Afterward I make my way to the plaza and pass by all the people that want to shine my shoes, sell me phone cards, dolls, pieces of cloth, post cards, trips to macchu picchu, or sometimes just ask for money.  Often the people are only just kids.  I usually just say "no gracious" or "yo estoy bien".  Then I go through another archway, climb more stairs, and find myself in a little cafe, where I say "buenos tardes" because by now it is after 1.  I'm handed a menu, that has everything in english and spanish, although often the english translation is a little quirky.  I usually order a cafe americano, agua con gas (mineral water), and a little something to eat, like chicken empenadas. The waiters then chat with me a bit in spanish, ask me where I'm from.  I notice the other people in the cafe usually order in english, so I'm always proud that I can visit in Spanish.  The other day the young
woman who was my waitress sat down and visited with me for quite a while.  She talked quite fast, but luckily I didn't have any problems.  I noticed the other white patrons stared at me a bit.  I'm getting used to this whole staring bit.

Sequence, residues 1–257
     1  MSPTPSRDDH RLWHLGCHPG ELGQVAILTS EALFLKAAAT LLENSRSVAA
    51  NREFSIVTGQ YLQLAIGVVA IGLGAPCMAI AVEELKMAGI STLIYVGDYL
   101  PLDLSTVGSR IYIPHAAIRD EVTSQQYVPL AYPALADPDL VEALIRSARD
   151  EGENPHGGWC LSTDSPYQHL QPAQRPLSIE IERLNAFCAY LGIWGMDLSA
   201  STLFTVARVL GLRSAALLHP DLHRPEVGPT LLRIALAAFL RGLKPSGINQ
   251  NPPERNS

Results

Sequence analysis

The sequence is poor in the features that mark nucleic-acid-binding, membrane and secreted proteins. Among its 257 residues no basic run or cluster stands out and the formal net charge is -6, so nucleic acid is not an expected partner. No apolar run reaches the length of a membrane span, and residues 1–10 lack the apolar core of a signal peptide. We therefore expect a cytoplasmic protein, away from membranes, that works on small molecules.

Afterwards, sometimes I return to the school to type on the internet some more, or hang out with a friend (Cassandre).  Then, around 6, before it gets to dark, I shuffle my way onto the bus, and repeat the morning experience.  I find my way back to my casa, where I have to remember to turn the key to the right to open the door (I broke the lock the first time by turning it to the left and they had to call a guy to fix it).  I say buenos noches to whoever is around, giving a kiss on the cheek, and turn down dinner, because I'm usually still full from lunch (my stomache has shrunk a bit).  I'll often visit in spanish for a few hours, and then return to my room up three flights of stairs.

I turn on the tv, hoping to find some show in english, but am always disappointed.  I do find the wonder years in spanish, as well as this odd game show that is just a big advertisement for everything from toothpaste to bank cards.  Also, Clueless and a movie with Arnold Schwarzenneger dubbed in spanish.  A little odd for me.  I turn off the tv, and do some of my school reading for my independent classes, or my homework for the language school, and listen to the dogs bark outside.  I turn on my music, and then go to bed at around 9.30, because there isn't much else to do.